Editorial Blog

Happy New Year!

Posted on December 31, 2013

I don’t tend to make New Year’s Resolutions. I’m never at my best during the cold, post-Christmas months, and thinking positively amidst snow, credit card bills and the pervading smell of Olbas Oil is a difficult business. Instead, I make my resolutions in September. Maybe it’s a throw-over from school days, when autumn meant the start of a brand new school year. True, we’d just had an enormous summer holiday to rejuvenate and inspire us, with plenty...

Read More >

The Sinking of the 'Essex’; or, The Whale

Posted on December 23, 2013

Last night’s BBC drama ‘The Whale’ told the story of Thomas Nickerson and the crew of the whaling ship Essex. The story of the attack and sinking of the vessel by a sperm whale also inspired Herman Melville’s Moby Dick. Reading the original accounts of the crew shows that the true story was more exciting, terrifying and harrowing than any work of fiction. The accounts of Owen Chase, the first-mate, and Nickerson, a 15-year-old cabin boy, appear...

Read More >

A Quiet Christmas: Mass Observation and Wartime Festivities

Posted on December 19, 2013

With shortages in nearly everything considered necessary for a ‘proper’ Christmas, Mass Observers during WW2 needed to balance the traditions of the festive season with the strictures and austerity of wartime.  Mass Observation set out in a series of reports to gauge not only the morale of the population, but how war would affect their festivities.  Paper shortages, toy shortages, food shortages and rationing hampered gift giving and...

Read More >

Pox in the Pacific: Syphilis and the Hawaiian Islands

Posted on December 13, 2013

Upon Captain Cook’s arrival in 1778 the population of the Hawaiian Islands was estimated at around 500,000. By 1848, however, this number had fallen to less than 90,000. Explanations for this exponential decline vary quite considerably, with many historians citing war, famine, and disease as potential factors. Yet contemporary narratives largely focus on one primary cause; the arrival of syphilis. In his study of the Islands in 1853, G W Bates...

Read More >

Silence is Golden…

Posted on December 06, 2013

Whilst visiting the big smoke last weekend I witnessed one of cinema’s greatest triumphs – Abel Gance’s thrilling six hour silent epic, Napoleon. Now, I have to admit, I was slightly sceptical. Six hours of silent cinema does not sound like the best use of a frosty Saturday in November, but the 1927 film opened my eyes to the vibrancy and passion of early cinema. Napoleon (played by Albert Dieudonné) tells the story of the first 27 years of...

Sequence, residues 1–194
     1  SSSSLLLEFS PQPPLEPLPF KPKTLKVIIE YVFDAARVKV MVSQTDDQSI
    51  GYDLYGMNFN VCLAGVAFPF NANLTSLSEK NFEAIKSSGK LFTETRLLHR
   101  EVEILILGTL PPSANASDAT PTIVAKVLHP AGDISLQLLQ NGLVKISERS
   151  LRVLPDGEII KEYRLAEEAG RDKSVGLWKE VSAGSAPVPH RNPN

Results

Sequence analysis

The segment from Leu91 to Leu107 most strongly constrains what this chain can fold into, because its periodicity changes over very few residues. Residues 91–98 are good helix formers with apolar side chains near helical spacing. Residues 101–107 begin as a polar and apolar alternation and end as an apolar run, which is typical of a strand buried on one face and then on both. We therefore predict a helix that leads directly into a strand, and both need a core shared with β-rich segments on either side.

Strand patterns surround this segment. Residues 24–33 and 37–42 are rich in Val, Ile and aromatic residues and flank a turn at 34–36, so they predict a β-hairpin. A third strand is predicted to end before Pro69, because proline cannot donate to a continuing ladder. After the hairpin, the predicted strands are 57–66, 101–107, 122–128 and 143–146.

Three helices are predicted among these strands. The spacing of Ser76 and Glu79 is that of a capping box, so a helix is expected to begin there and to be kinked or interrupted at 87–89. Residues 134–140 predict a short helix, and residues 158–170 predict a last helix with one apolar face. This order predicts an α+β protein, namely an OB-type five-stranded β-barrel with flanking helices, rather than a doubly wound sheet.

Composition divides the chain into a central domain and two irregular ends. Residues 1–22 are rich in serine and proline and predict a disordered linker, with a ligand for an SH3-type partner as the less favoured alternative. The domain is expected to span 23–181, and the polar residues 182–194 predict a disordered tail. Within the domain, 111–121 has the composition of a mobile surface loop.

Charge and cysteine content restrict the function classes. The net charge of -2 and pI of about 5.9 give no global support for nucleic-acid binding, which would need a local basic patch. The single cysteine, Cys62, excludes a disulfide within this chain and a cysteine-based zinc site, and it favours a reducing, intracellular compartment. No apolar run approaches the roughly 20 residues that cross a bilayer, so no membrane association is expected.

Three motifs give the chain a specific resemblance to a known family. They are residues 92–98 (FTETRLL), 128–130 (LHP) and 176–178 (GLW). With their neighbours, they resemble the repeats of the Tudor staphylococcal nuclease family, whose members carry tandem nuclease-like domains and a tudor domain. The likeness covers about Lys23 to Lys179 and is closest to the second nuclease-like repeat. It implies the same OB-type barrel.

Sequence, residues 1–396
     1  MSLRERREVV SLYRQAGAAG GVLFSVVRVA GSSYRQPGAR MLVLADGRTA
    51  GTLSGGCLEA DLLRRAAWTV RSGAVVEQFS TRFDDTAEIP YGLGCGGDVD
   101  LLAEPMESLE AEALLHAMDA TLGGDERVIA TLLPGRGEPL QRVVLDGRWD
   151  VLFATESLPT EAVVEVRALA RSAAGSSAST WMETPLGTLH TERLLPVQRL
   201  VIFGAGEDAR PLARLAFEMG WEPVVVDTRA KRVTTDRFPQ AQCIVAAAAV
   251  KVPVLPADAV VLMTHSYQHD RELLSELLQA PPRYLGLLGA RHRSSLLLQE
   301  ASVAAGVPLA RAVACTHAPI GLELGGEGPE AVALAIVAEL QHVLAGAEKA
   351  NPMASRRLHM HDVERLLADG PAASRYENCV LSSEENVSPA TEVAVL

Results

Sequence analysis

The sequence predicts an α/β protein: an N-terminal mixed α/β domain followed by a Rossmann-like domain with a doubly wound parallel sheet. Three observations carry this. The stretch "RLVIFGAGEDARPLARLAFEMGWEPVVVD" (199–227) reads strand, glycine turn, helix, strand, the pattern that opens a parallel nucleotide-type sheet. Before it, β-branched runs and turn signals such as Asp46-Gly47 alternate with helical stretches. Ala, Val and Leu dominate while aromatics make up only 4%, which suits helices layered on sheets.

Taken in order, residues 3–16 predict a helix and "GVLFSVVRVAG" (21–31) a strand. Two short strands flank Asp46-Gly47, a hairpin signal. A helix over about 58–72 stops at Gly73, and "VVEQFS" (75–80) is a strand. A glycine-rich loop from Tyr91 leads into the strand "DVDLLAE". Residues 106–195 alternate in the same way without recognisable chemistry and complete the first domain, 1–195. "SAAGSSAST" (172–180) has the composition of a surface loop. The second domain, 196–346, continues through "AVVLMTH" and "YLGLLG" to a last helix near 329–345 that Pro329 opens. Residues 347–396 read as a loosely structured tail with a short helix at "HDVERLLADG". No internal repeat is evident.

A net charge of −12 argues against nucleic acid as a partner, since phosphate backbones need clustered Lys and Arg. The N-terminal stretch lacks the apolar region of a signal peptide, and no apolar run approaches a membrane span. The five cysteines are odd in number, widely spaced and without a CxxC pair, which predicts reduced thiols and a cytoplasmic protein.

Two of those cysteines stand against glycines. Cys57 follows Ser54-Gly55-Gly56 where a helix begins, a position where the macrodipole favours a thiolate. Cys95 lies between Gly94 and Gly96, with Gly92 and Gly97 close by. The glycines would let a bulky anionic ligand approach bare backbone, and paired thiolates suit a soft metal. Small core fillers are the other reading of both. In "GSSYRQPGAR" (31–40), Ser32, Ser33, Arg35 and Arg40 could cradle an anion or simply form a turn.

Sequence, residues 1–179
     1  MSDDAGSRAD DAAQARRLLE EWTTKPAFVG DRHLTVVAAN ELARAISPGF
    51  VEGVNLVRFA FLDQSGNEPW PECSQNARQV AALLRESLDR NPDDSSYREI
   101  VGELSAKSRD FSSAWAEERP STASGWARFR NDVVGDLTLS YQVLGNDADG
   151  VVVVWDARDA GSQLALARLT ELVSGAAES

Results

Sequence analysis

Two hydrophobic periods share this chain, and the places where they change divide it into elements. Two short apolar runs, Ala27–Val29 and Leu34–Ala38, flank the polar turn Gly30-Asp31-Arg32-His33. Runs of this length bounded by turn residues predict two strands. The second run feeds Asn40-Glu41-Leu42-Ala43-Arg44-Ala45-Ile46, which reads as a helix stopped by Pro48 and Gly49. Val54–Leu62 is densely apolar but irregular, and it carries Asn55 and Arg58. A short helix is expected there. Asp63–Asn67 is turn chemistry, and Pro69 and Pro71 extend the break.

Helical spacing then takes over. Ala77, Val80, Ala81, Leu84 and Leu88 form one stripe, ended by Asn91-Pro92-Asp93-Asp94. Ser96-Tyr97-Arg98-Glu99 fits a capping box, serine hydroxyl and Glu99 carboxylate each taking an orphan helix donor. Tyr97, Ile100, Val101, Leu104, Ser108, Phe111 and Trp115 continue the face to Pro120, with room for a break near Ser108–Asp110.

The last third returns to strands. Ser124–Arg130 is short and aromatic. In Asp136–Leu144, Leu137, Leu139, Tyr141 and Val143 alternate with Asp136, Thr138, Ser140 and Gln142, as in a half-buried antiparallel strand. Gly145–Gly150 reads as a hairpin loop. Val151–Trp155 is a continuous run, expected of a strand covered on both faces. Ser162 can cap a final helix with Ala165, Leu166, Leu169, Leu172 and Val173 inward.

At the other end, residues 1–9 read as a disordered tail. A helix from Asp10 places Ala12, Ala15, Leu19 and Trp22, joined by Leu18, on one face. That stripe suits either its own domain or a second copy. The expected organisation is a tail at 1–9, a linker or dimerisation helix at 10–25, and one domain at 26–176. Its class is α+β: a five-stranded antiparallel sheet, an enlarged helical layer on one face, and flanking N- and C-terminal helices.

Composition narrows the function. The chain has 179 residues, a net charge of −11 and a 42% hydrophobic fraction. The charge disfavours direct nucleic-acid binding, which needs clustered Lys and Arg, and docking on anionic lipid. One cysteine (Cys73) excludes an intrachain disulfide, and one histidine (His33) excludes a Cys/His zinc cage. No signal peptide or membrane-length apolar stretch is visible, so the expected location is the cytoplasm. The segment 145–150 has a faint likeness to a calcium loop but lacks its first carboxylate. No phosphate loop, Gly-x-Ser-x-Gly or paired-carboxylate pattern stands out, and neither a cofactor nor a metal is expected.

Read More >

'My Leg Has Got To Come Off': Amputations at Sea

Posted on November 25, 2013

During the many Pacific voyages documented in China, America and the Pacific, a regular feature was death and injury onboard the ship. Crew members shattered their skulls from falls, and had limbs mutilated by breeching whales. Many of these men faced immediate death, however a minority faced a punishment that was arguably far worse, as this extract from The Life of Tristram Coff[y]n shows: In 1800 … in the capture of a large sperm whale, Captain...

Read More >

Commodities of the China Trade: Bechè de Mer, Shark Fins and Gold

Posted on November 22, 2013

Below I have shared one of my personal highlights from China, America and the Pacific, which has just been released. This new multi-library collection provides an extensive range of archival material connected to the trading and cultural relationships that emerged between China, America and the Pacific region between the 18th and early 20th centuries. During the eighteenth century American merchants sought to establish trade with China. Their...

Read More >

Who Killed JFK?

Posted on November 20, 2013

  Image © Bowling Green State University At 12.30pm on Friday 22 November 1963, three shots rang out over Dealey Plaza Park in Dallas. Lee Harvey Oswald had fired three 6.5mm Carcano bullets from the sixth floor window of the Texas School Book Depository, two of which struck President John F. Kennedy. Thirty minutes later JFK was dead. That’s the official story. The Warren Commission set up to investigate President Kennedy’s death...

Read More >

Lest We Forget. Remembrance Day 2013

Posted on November 06, 2013

It is that time of year again, when poppy sellers fill the streets and shops and even cars begin sporting the distinctive red flowers. In our First World War resource, the second module of which, Propaganda and Recruitment, has recently been published, there is a wealth of material to be explored regarding the armistice of 11 November 1918, from both the joyful celebrations of peace, to the commemoration of and mourning for those who had...

Read More >

Kung-Fu Monthly and the Felix Dennis Legacy

Posted on October 25, 2013

On a recent visit to the in-laws’ we passed a verge of trees in Warwickshire just west of Leamington Spa that was pointed out to me as “Felix Dennis’s forest”. Most familiar with Felix Dennis as the creator of the magazine Maxim and the first person to say a certain very bad word on British television, I was surprised. As it turns out, the site belongs to The Heart of England Forest, a charity created to maintain and preserve native...

Read More >

1 3 4 5 6 7 8 9 | View All

Back to top ^